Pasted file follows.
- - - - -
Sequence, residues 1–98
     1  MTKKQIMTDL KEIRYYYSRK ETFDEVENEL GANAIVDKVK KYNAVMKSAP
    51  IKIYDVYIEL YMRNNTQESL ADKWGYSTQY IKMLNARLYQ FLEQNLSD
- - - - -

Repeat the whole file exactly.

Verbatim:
Sequence, residues 1–98
     1  MTKKQIMTDL KEIRYYYSRK ETFDEVENEL GANAIVDKVK KYNAVMKSAP
    51  IKIYDVYIEL YMRNNTQESL ADKWGYSTQY IKMLNARLYQ FLEQNLSD